When you buy a home, you expect it to be free of any liens or claims and that you can legally do what you like with the property. A marketable title is a title that is transferred to a new owner without the risk of an outside party making claims on it. This outside party could be relatives of the former owner or a lender.

Make Sure It’s Free of Defects

A marketable title is a title that is “free from reasonable doubt and such as reasonably well informed and intelligent purchasers, exercising ordinary business caution, would be willing to accept.” So when you purchase a property, you expect that it’s free of claims and you’ll be able to “hold it in peace.” If a title has a defect on it, such as an outstanding lien, it is not considered marketable.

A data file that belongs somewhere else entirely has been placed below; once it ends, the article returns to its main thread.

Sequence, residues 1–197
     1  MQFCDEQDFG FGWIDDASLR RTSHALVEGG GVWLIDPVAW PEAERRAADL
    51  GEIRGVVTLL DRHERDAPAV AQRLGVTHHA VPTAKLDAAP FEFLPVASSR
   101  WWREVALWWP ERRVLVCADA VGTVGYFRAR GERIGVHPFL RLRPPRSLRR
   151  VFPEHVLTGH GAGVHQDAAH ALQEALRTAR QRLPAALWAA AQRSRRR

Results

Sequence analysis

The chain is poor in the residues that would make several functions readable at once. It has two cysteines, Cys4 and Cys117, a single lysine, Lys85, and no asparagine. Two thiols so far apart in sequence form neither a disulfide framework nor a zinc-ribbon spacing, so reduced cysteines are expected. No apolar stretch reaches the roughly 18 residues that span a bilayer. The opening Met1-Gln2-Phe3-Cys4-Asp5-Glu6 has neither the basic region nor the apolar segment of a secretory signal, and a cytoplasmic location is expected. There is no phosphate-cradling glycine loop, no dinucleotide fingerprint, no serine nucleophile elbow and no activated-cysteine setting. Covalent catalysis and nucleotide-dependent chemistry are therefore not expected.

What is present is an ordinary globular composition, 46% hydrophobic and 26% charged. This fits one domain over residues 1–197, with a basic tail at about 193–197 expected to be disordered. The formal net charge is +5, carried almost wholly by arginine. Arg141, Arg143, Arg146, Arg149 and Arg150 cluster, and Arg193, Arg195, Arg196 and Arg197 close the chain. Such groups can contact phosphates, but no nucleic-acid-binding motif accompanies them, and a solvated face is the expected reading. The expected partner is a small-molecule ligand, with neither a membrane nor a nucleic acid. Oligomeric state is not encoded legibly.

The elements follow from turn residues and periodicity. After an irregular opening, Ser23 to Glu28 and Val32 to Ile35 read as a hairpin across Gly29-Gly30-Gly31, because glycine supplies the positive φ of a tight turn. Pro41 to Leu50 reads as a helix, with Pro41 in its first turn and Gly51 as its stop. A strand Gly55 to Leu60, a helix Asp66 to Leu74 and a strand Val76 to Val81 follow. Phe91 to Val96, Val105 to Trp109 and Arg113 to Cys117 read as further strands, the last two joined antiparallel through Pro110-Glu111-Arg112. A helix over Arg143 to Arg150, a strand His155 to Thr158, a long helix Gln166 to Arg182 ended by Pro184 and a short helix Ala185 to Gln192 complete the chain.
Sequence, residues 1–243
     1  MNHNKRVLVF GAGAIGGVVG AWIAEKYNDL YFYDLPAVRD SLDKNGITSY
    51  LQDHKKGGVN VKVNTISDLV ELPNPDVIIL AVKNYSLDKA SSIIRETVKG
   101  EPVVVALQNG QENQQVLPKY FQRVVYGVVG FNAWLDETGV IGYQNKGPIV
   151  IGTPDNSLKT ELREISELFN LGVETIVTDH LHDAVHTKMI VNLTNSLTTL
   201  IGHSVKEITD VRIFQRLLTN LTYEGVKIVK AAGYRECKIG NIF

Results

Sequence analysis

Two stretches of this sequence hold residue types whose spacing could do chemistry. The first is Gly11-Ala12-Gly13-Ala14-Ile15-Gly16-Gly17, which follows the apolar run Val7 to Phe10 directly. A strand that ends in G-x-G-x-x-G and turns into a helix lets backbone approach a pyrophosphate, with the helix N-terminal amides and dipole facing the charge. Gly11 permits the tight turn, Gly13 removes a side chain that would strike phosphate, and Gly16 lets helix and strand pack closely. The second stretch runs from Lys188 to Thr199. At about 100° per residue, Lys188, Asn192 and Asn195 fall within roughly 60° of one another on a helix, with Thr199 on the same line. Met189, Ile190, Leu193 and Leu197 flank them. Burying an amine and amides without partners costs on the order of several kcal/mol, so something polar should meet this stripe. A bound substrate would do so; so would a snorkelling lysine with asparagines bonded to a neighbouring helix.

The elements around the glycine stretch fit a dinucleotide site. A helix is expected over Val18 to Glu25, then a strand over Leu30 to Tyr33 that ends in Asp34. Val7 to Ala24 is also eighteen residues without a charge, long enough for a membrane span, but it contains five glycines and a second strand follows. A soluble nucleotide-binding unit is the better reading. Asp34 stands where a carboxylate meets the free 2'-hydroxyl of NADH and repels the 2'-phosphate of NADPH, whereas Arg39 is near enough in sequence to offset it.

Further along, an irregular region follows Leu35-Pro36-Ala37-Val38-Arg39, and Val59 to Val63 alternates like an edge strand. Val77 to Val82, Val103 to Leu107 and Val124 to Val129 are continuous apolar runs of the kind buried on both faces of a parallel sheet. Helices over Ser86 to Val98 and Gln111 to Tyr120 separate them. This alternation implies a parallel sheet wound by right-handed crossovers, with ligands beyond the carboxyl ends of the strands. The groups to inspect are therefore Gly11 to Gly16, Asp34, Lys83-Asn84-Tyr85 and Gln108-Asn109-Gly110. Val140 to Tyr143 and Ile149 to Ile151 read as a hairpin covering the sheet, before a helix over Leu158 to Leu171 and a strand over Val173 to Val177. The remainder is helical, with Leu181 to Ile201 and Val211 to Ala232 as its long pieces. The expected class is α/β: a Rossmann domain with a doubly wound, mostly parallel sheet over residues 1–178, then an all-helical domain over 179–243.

A marketable title is free from defects like:

  • Poor recording of ownership
  • Previous liens or encumbrances
  • Problems with wording in real estate documents

Have Evidence of a Marketable Title

Having evidence of a good, marketable title will help prevent an outside party from making any claims on the property you just purchased. Evidence of a marketable title includes:

These documents identify the past owners and history of the home and are often based on professional examinations by a real estate lawyer of property records. Having a warranty of title is another way to ensure that the title is good.

A warranty of title is a good way to make sure a title is good as a seller cannot sell a home with a warranty of title if it has claims on it or they cannot legally sell the home. If there are any disputes over the title, you can get a quiet tile action, which is a lawsuit to determine who has claim over a property.

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The above information is for educational purposes only. All information, loan programs and interest rates are subject to change without notice. All loans subject to underwriter approval. Terms and conditions apply. Always consult an accountant or tax advisor for full eligibility requirements on tax deduction.